Gramp Stevens sat in a lawn chair, watching the mower at work, feeling the warm, soft sunshine seep into his bones.
Last words
Information from the French Common Knowledge. Edit to localize it to the English one.
(Click to show. Warning: May contain spoilers.)
(Click to show. Warning: May contain spoilers.)
(Click to show. Warning: May contain spoilers.)
(Click to show. Warning: May contain spoilers.)
(Click to show. Warning: May contain spoilers.)
Disambiguation notice
Publisher's editors
Publisher series
Original language

References to this work on external resources.

Wikipedia in English (1)

Book description
Haiku summary

Amazon.com Product Description (ISBN 188296828X, Hardcover)

The cities of the world are deserted and automation has invaded every aspect of human life. The robots make spaceships, the ants create huge buildings on the remains of old towns and the dogs take over the earth. The award-winning author's many other novels include "Catface" and "Off Planet".

(retrieved from Amazon Mon, 30 Sep 2013 13:51:29 -0400)

(see all 3 descriptions)

"On a far future Earth, mankind's achievements are immense: artificially intelligent robots, genetically uplifted animals, interplanetary travel, genetic modification of the human form itself. But nothing comes without a cost. Humanity is tired, its vigour all but gone. Society is breaking down into smaller communities, dispersing into the countryside and abandoning the great cities of the world. As the human race dwindles and declines, which of its great creations will inherit the Earth? And which will claim the stars ...?"--Back cover.… (more)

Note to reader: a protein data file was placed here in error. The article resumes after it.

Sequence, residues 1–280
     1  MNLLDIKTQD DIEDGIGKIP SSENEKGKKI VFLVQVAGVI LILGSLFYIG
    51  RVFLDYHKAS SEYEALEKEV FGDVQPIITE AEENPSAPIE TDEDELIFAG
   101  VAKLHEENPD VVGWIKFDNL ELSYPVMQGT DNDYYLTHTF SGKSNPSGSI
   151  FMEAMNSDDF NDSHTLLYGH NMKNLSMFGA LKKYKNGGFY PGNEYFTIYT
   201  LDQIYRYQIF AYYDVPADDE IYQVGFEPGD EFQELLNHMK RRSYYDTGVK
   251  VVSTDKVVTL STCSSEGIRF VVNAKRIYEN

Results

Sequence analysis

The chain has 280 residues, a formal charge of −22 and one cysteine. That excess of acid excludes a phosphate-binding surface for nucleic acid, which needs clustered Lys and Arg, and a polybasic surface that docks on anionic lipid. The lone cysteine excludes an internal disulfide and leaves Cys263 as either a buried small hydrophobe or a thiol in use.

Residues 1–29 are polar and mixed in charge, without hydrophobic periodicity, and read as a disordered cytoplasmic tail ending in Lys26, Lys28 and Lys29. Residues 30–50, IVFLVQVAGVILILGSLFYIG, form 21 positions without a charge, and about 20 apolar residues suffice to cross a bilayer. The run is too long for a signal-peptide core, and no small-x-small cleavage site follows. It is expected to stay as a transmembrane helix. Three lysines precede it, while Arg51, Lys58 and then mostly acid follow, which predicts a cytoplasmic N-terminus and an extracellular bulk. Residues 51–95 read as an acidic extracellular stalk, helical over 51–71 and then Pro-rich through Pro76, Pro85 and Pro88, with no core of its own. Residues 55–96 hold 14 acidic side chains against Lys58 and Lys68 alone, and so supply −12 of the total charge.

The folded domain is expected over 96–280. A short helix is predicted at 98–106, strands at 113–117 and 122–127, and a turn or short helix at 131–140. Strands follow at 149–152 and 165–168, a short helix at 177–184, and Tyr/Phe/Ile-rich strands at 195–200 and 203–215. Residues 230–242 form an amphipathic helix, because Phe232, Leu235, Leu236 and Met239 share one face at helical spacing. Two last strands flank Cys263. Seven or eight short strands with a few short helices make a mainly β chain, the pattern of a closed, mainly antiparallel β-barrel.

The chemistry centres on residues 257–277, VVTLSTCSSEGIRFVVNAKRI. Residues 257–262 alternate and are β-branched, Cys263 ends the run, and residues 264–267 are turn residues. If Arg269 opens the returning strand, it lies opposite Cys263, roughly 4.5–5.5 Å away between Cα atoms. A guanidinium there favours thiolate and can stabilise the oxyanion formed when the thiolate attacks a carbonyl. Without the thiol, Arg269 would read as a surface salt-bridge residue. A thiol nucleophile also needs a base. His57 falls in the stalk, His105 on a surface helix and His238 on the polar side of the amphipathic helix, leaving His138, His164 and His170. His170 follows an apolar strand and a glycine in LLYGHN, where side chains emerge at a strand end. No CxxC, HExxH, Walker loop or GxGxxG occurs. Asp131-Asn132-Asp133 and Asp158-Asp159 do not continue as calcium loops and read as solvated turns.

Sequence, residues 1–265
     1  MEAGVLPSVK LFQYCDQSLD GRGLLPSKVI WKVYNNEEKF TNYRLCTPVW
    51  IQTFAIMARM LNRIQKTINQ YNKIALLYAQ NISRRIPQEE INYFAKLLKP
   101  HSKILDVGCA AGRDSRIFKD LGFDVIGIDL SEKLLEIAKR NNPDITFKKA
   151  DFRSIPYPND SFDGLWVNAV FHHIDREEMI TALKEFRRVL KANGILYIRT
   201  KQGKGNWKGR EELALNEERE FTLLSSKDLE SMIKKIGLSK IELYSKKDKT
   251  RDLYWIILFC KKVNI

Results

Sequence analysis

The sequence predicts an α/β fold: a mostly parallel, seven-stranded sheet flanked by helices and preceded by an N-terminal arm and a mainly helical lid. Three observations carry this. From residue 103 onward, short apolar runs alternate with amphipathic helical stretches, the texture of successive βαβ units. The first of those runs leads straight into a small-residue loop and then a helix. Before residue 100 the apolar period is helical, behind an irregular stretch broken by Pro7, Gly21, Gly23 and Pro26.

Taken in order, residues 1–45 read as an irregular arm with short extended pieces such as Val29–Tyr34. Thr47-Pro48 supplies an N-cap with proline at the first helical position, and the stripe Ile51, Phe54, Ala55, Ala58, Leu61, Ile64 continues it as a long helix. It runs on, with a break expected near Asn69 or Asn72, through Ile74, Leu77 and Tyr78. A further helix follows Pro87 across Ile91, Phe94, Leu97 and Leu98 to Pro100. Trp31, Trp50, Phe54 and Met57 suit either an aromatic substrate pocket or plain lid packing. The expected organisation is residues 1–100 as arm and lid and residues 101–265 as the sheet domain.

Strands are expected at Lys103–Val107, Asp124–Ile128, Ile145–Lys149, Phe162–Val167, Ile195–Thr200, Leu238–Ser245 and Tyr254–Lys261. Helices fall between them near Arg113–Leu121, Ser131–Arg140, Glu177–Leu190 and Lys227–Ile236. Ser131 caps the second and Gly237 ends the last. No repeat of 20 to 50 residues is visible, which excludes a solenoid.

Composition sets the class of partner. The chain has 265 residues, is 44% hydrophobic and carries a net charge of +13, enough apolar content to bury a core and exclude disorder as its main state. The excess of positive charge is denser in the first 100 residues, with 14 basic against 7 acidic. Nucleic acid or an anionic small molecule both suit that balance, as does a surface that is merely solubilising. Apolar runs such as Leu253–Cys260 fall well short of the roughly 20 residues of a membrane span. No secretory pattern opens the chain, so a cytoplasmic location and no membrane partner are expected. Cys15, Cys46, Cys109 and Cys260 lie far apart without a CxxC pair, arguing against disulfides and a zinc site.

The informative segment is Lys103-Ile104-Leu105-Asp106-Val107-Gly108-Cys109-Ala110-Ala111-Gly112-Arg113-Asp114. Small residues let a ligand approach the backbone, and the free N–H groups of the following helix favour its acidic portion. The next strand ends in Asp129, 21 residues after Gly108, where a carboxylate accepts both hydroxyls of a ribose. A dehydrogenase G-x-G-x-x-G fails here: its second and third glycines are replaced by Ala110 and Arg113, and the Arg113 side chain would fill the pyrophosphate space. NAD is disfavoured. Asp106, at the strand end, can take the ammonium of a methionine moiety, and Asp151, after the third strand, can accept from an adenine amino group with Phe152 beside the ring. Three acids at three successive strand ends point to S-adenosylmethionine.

(summary from another edition)

Quick Links

Swap Ebooks Audio
99 wanted2 pay3 pay

Popular covers


Average: (4.01)
0.5 2
1 2
1.5 1
2 11
2.5 4
3 50
3.5 26
4 93
4.5 24
5 97


Three editions of this book were published by Audible.com.

See editions

Is this you?

Become a LibraryThing Author.


Help/FAQs | About | Privacy/Terms | Blog | Contact | LibraryThing.com | APIs | WikiThing | Common Knowledge | Legacy Libraries | Early Reviewers | 94,003,289 books! | Top bar: Always visible